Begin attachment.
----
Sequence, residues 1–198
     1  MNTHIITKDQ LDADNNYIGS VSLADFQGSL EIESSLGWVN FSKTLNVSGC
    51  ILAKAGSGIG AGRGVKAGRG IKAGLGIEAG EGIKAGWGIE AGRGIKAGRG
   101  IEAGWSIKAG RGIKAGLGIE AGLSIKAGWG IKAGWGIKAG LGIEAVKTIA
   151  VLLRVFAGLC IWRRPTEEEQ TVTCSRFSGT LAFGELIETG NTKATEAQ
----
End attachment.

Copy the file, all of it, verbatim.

Sequence, residues 1–198
     1  MNTHIITKDQ LDADNNYIGS VSLADFQGSL EIESSLGWVN FSKTLNVSGC
    51  ILAKAGSGIG AGRGVKAGRG IKAGLGIEAG EGIKAGWGIE AGRGIKAGRG
   101  IEAGWSIKAG RGIKAGLGIE AGLSIKAGWG IKAGWGIKAG LGIEAVKTIA
   151  VLLRVFAGLC IWRRPTEEEQ TVTCSRFSGT LAFGELIETG NTKATEAQ